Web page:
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POL S 456 A: Institutional Failure

Meeting Time: 
TTh 12:30pm - 2:20pm
* *
Joint Sections: 
LSJ 456 A
Becca Thorpe
Rebecca U. Thorpe

Syllabus Description:

The purpose of this course is to think critically about how and why political institutions fail to achieve their goals or operate in a manner that they were originally intended to and the consequences of these failures. We will examine the rise of a permanent U.S. national security state; suburbanization and urban gentrification; a centuries-long American drug war; the politics of policing in American cities; the rise of mass incarceration; and failing schools on the basis of 1) policymakers' expressed aims; 2) the goals the institutions in question were meant to serve; and 3) the human costs of failure, particularly for the most disadvantaged members of society.

The course is divided into two main parts. First, we will examine leading theories of political power during the constitutional founding and in a contemporary context. This will provide a framework to assess the history of American empire, the development of a military-industrial complex and the growth of executive power over a vast national security establishment. Second, we will examine how a legacy of racial capitalism promotes segregated housing patterns, militarized policing and punitive forms of punishment. 

As backdrop for this seminar, we will be watching a season of the HBO television series The Wire, which follows police officers, drug dealers, public school educators, politicians and citizens of Baltimore. The series is meant to complement the scholarly texts that we will be reading in the latter half of the course.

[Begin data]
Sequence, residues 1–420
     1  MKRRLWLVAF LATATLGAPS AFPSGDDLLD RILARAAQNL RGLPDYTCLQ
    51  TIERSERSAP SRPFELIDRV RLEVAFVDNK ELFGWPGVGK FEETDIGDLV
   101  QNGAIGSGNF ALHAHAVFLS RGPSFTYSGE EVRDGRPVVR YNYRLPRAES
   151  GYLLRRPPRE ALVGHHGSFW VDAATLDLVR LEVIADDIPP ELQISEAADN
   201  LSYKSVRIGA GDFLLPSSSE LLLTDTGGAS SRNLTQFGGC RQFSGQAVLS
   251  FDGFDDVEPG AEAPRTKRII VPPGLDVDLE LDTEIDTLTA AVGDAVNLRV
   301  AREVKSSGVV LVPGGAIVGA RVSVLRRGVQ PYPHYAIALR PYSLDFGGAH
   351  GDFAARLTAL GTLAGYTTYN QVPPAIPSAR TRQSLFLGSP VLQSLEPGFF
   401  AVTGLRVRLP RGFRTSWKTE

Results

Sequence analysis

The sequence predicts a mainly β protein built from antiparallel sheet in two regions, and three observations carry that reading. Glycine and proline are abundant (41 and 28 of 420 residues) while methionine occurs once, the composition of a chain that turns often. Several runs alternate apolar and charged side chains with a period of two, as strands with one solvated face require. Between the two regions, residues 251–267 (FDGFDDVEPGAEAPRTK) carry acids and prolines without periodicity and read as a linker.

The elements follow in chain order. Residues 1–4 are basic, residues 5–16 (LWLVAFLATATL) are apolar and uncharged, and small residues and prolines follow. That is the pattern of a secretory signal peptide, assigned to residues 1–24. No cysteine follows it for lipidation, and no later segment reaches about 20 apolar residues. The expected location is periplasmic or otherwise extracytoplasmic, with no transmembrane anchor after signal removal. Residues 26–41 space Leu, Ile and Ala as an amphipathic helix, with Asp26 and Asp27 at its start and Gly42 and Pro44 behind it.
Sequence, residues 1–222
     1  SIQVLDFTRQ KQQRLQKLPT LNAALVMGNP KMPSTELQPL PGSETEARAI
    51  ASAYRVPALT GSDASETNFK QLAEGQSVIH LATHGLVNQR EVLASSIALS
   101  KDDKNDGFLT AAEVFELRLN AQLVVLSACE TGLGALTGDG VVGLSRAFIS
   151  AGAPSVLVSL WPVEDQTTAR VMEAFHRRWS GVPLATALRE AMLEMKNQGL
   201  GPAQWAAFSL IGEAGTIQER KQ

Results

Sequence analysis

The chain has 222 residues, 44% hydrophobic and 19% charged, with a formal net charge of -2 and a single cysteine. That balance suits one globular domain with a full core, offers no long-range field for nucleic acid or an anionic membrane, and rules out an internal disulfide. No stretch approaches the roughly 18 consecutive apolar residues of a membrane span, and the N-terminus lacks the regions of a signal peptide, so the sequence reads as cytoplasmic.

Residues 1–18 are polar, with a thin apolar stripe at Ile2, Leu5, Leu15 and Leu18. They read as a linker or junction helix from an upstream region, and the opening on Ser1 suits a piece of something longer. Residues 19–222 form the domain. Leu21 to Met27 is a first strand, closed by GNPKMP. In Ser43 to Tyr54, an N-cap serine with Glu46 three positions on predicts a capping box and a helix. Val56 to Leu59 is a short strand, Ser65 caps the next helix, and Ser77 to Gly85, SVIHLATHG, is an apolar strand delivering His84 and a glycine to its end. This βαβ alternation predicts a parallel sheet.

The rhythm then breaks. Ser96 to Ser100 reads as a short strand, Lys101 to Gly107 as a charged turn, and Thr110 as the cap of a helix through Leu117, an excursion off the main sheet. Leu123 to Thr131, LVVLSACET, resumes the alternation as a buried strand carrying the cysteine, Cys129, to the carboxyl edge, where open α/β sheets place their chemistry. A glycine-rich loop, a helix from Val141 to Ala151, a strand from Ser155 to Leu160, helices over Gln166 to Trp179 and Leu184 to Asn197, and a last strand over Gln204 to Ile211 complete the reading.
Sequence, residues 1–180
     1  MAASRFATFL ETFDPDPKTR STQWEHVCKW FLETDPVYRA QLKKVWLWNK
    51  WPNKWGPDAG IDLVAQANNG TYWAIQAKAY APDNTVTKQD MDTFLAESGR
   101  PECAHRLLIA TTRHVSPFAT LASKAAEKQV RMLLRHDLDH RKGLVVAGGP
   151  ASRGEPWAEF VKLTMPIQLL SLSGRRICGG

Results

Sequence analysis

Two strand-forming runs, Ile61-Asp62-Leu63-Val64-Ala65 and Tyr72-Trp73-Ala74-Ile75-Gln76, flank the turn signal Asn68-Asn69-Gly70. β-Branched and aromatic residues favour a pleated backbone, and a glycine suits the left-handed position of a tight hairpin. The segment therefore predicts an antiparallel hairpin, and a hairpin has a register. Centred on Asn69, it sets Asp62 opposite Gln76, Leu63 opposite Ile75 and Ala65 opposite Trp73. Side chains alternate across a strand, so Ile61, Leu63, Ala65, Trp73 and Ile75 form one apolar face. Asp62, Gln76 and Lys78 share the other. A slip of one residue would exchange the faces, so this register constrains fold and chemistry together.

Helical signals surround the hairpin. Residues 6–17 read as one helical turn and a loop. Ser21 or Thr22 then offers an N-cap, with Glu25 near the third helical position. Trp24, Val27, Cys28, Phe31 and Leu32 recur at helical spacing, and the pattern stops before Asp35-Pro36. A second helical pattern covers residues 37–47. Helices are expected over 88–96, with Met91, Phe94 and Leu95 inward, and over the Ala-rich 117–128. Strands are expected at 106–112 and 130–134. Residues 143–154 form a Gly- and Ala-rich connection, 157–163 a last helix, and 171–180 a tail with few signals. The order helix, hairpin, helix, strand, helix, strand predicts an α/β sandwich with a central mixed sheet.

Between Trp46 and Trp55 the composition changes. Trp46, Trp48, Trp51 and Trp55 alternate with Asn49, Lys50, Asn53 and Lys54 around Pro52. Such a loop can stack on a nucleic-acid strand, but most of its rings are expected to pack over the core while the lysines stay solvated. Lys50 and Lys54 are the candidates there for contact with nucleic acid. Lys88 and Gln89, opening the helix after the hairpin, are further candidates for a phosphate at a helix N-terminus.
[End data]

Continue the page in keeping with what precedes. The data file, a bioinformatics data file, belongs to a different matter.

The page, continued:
Remote Learning/Expectations

In accordance with university policy, we will be meeting remotely (via Zoom) for class sessions. Please note that this is a small seminar, and it is structured to prioritize student discussion. Accordingly, the course will take place synchronously, and regular attendance/ participation is required. To protect student privacy, the seminars will not be recorded. If you must miss a class, please email me in advance and let me know.  


Requirements & Evaluation

Participation & short presentations (30%): Participation will be evaluated on the basis of three criteria. First, students are expected to read the assigned material before seminar and contribute to discussion regularly. This includes interactions in Zoom seminars and on the Canvas discussion board (see below). Second, each student will give a 10-minute presentation based on the readings for that day and help facilitate class discussion. Presentations should discuss connections between the assigned readings for the day, provide thoughtful critiques of the arguments, raise questions and draw connections to other readings from the course. Third, students will give a 10-minute presentation of your research papers at the end of the quarter.

Essay Exam (30%):  Students will construct 2-3 essays based on class readings and discussion. The exam is scheduled to take place on November 19. The exam will be open note and open book.

Research paper (30%): Students will write an 8-10 page research paper on a subject related to class material, which will be due during finals week. 1-2 page descriptions of paper topics will be due on November 3, and we will set aside class time periodically to discuss your research in progress. The first three pages of your papers will be due on November 24 so that I can provide preliminary feedback.